The Human Condition

The Human Condition

(Le Condition Humaine / La condición humana)

What makes us human? Do all humans have something in common?

Is there any part of the human being that is inherent, universal, common across cultures and countries, and is not a function of age, gender, race, class or other particular factors? Or is the human condition contingent? As Bill (William) Simon, sociologist and co-author of Sexual Conduct: The Social Sources of Human Sexuality said about human sexuality: "… there are no fixed points in the geography of sexuality, merely an ever-changing terrain that has less to do with biology than with accidents of history.” Despite all our attempts at control through knowledge and understanding, is the human condition more accidental than intentional?

What makes human lives and what makes the human live?

Absurdity which emerged as a strong literary and dramatic force around the middle of the 20th century saw human existence as essentially meaningless and human action as an attempt to transcend this. Existentialism has tried to identify common human concerns such as a search for the meaning of life in the face of the inevitable inescapability of death, the search for gratification and a sense of curiosity, or our essential isolation.

Or are some other unpalatable things commonly shared by all humans such as: the near-universal human capacity to tolerate violence, the constant quest for happiness outside of ourselves, and the ability to never take responsibility for our actions towards nature?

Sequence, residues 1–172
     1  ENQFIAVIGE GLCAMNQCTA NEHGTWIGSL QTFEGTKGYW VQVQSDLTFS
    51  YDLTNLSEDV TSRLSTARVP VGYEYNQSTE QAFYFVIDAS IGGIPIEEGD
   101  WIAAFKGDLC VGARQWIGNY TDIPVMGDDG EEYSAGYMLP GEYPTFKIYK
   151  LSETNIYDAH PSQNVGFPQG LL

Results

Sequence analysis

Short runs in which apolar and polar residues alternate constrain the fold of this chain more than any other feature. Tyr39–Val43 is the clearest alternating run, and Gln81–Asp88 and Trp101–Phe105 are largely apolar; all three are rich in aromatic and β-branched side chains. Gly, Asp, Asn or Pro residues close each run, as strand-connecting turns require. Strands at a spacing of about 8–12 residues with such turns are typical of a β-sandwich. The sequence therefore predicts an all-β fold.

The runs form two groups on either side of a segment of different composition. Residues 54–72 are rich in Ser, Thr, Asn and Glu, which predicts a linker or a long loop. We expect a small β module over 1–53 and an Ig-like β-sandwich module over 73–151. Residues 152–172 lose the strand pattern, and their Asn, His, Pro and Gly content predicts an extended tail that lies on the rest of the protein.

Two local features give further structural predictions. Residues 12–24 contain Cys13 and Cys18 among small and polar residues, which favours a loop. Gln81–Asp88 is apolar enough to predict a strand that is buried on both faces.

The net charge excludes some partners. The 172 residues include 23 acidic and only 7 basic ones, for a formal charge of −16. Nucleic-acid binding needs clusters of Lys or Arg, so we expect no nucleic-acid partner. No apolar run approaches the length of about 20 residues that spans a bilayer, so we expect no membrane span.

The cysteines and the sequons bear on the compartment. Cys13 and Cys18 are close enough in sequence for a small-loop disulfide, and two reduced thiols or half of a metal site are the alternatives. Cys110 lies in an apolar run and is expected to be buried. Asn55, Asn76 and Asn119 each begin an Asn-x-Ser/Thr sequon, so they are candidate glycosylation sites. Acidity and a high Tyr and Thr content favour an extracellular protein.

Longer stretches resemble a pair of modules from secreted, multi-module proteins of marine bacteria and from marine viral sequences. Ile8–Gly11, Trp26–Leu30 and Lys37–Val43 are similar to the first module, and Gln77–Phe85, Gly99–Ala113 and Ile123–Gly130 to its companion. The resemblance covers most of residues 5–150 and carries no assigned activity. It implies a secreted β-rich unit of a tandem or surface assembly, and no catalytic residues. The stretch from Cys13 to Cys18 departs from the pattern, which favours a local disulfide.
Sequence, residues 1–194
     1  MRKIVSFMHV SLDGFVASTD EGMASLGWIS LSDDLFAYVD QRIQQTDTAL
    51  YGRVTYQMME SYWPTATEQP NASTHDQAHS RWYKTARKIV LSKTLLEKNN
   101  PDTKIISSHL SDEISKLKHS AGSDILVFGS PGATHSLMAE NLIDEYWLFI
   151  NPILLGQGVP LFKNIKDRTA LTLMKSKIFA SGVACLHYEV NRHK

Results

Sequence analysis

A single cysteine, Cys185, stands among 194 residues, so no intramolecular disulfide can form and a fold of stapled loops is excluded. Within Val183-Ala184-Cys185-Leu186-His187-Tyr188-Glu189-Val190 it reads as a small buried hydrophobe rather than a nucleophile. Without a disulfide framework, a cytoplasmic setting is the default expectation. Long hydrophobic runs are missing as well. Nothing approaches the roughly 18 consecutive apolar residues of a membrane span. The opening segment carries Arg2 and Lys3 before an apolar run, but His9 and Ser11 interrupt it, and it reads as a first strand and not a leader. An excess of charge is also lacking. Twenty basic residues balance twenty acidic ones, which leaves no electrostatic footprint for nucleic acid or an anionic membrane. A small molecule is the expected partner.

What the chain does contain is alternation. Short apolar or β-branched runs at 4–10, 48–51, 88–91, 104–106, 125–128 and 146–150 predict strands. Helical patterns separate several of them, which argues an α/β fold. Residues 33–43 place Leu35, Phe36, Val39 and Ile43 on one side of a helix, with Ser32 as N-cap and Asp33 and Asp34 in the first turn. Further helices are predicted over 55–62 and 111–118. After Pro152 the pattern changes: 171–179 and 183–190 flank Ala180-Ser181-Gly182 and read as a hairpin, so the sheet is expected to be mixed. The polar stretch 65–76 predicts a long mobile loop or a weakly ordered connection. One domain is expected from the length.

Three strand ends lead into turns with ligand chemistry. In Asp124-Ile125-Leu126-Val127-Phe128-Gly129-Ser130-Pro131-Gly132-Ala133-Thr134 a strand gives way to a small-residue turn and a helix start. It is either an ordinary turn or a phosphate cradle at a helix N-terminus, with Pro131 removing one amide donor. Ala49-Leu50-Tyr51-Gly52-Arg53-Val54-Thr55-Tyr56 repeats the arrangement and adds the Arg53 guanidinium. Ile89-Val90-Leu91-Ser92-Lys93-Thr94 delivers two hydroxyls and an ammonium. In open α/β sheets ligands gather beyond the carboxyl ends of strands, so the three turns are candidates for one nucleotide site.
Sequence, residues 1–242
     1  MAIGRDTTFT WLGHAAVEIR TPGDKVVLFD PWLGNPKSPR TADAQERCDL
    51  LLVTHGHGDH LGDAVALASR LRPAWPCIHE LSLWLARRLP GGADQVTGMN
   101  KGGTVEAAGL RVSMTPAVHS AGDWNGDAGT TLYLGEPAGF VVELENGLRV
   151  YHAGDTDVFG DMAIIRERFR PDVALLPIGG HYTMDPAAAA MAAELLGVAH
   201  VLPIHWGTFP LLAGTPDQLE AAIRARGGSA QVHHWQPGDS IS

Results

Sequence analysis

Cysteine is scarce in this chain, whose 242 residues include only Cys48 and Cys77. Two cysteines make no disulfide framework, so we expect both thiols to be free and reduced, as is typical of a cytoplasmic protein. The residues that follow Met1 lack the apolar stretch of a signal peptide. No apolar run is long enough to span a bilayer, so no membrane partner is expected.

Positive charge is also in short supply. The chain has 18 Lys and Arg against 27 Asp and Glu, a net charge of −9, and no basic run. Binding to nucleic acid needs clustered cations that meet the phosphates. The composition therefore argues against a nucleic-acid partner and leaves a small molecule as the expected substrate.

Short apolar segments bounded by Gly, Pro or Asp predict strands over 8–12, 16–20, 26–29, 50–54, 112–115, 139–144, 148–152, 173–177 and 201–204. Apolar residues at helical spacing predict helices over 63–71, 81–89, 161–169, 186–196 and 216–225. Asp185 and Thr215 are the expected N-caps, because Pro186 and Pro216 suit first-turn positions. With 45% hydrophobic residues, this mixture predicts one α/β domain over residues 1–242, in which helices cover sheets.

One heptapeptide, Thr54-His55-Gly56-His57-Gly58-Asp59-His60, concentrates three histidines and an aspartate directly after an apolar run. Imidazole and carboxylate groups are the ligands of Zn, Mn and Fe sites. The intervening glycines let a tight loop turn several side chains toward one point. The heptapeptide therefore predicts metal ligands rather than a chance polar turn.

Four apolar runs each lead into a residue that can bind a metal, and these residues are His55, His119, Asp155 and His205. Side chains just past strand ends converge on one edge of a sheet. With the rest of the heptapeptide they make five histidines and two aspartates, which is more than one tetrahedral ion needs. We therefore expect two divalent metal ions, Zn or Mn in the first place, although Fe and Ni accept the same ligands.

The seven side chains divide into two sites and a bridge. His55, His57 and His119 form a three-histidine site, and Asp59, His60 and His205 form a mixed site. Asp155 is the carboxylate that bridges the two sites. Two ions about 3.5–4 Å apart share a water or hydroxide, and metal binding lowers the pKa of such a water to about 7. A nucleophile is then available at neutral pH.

Can one human - scientist or artist - or one discipline - genetics or philosophy - claim to provide the answer to the question of the human condition? Perhaps the vain human attempt to describe the human condition is the human condition?

Whatever the human condition may be, it definitely requires different views, multiple lenses, contradictory perspectives; including at the same time the disciplines of science, art, literature, history, philosophy, sociology, and others– all trying to help us understand it.

A Film – A Painting - A Book

The three articles in the July (2013) edition of The Essayist try to capture this human condition.

Three in particular – one that examines domestic violence in the backdrop of a world that condones war asks whether violence has become our way of life; the second questions why humans look for love everywhere else except in themselves – and the third shows how adult’s attitude toward the environment are like that of a child making excuses when asked to clean his room. Will we ever grow up and take responsibility for the public commons?

Although it may not have been intentional, and maybe just one reader’s imaginative interpretation, the articles accidentally reflect the essence of three intellectual/cultural products of the 20thcentury. As they say, nothing is original. Human life may just be a series of replications of biological nucleic acid or cultural memes (as long as we acknowledge the source).

A Film (The Human Condition by Japanese Film maker Masaki Kobayashi)

A Painting (Le Condition Humaine by Belgian artist Rene Magritte)

A Book (The Human Condition by German-American political theorist Hannah Arendt)

The different versions of violence today from the domestic to the streets, and the schoolyard to the failed states, resonates with the film -The Human Condition (Ningen no joken) –a Japanese epic film trilogy, 9 hours, 47 minutes long, directed by Masaki Kobayashi between 1959 and 1961. Based on a six-volume novel by Junpei Gomikawa, it follows the life of one person – Kaji – and the existential dilemmas of his life’s journey as he battles a corrupt and decrepit system against the backdrop of a world at war (World War 2) and the war-time mentality of his own country. Kaji- a pacifist - battles with his morals as the wartakes himfrom supervisor in a labour camp, to soldier in the Imperial Army and finally Soviet prisoner of war.